Monday, February 2, 2009


This is a post I am re-posting from ABC to ask... "What would you do?" If you found yourself in these situations, what would you do ? Some seem like very hard to answer, requires a lot of thought, but if these situations were to happen to you in real life, you may not have a lot of time to give a lot of though to them.

I am writing this post so maybe, you can think about these scenarios now, so you would be prepared the next time one of these uncomfortable yet very highly important to act upon in some way situation were to happen to you.



Here is a link where you can view a clip from the show:

What if you noticed a baby left alone in a hot car on a hot summer day? And what if it was a dog left alone in the sweltering heat? What if your date showed up looking nothing like his/her attractive online photograph, totally misrepresenting him/herself? And what if you witnessed a mother verbally abusing her child’s nanny? Using hidden cameras, “Primetime: What Would You Do?” sets up everyday scenarios and then captures people's reactions. Whether people are compelled to act or mind their own business, John Quiñones reports on their split-second – and often surprising – decision-making process, on “Primetime: What Would You Do?,” TUESDAY, FEBRUARY 3 (10:00-11:00 p.m., ET) on the ABC Television Network.

Often people speculate on how they might act in a difficult situation, but this series shows what they actually do in the face of everyday dilemmas that test their character and values. Tuesday’s scenarios include:

BABY LEFT ALONE IN A HOT CAR: Almost 40 children die every year after being left behind in a hot car. Did these kids go unnoticed or did strangers just walk on by? Using a lifelike doll, “What Would You Do?” examines how people passing by would react if they did indeed notice – would they come to the baby’s rescue?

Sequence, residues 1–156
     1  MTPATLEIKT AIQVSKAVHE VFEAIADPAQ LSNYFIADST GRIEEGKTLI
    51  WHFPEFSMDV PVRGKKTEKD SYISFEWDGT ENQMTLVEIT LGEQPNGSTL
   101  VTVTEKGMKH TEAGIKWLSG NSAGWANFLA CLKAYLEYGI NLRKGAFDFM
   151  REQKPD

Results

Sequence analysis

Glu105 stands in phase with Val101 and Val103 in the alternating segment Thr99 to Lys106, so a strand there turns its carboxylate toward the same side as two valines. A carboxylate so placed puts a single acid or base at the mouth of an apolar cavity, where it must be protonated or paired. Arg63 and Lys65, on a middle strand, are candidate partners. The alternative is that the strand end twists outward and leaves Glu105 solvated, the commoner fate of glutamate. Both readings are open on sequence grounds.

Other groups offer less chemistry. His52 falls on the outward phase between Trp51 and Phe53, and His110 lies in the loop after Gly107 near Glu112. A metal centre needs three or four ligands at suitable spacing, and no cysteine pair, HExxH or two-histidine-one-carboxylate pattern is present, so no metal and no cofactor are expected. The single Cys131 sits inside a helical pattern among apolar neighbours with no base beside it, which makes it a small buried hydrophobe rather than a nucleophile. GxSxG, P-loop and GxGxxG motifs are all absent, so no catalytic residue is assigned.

TALKING DOWN TO THE HELP: If you have ever worked for someone not very nice or witnessed someone talking down to their employees in a way that made you uncomfortable, you are not alone. “What Would You Do?” explores how people react when they witness an abusive situation between an employer and an employee, in this case a mother, her child and a nanny. Will people intervene when the mother is verbally abusive toward the nanny and will the reaction be different when it is the child who is abusive toward the hired help?

ONLINE DATING: Millions of people are looking for love through online dating websites and many have actually found their perfect match. However, online daters can use the Internet as a mask to hide behind and many are not forthcoming about their true appearance, using pictures that are blatant misrepresentations of how they really look. How will people respond when their dates show up and look nothing like their online photos?

DOG IN HOT CAR: Will people react differently to a dog left alone in a hot car than to a baby left alone? Will they come to a Golden Retriever’s rescue or walk on by, even when he barks for help?

This week’s interactive scenario asks viewers: “What Would You Do?” if invited to a friend’s house for a small dinner party and your host has cooked a meal you can not – or do not want to eat.

“What Would You Do?” has won awards from the Chicago International Television Festival, and the Avon Foundation’s 2006 Voice of Change Award for exposing “injustice and wrongdoing against women and bringing the message of domestic violence to the mainstream.” The foundation called the program “an important work of journalism that illustrates the unwillingness of many people to become involved or speak out against domestic violence.”

SO, Now that you have given them some thought, WHAT WOULD YOU DO ? Please Comment to me, I am interested in know what your thoughts, feelings are. Thank you in advance for your comments.


Mom on the Run said...

I saw a little bit of the show. I have twice stopped at the scene of an accident where a man was yelling at a woman and in another case a teenaged driver. In both cases the men were using hand gestures and threatening body language. In both cases I rolled down my window and asked the driver, not the man if I could call the police or help in some way. I wanted to let the man know that his behavior was not cool. Best use of a cell phone hands down.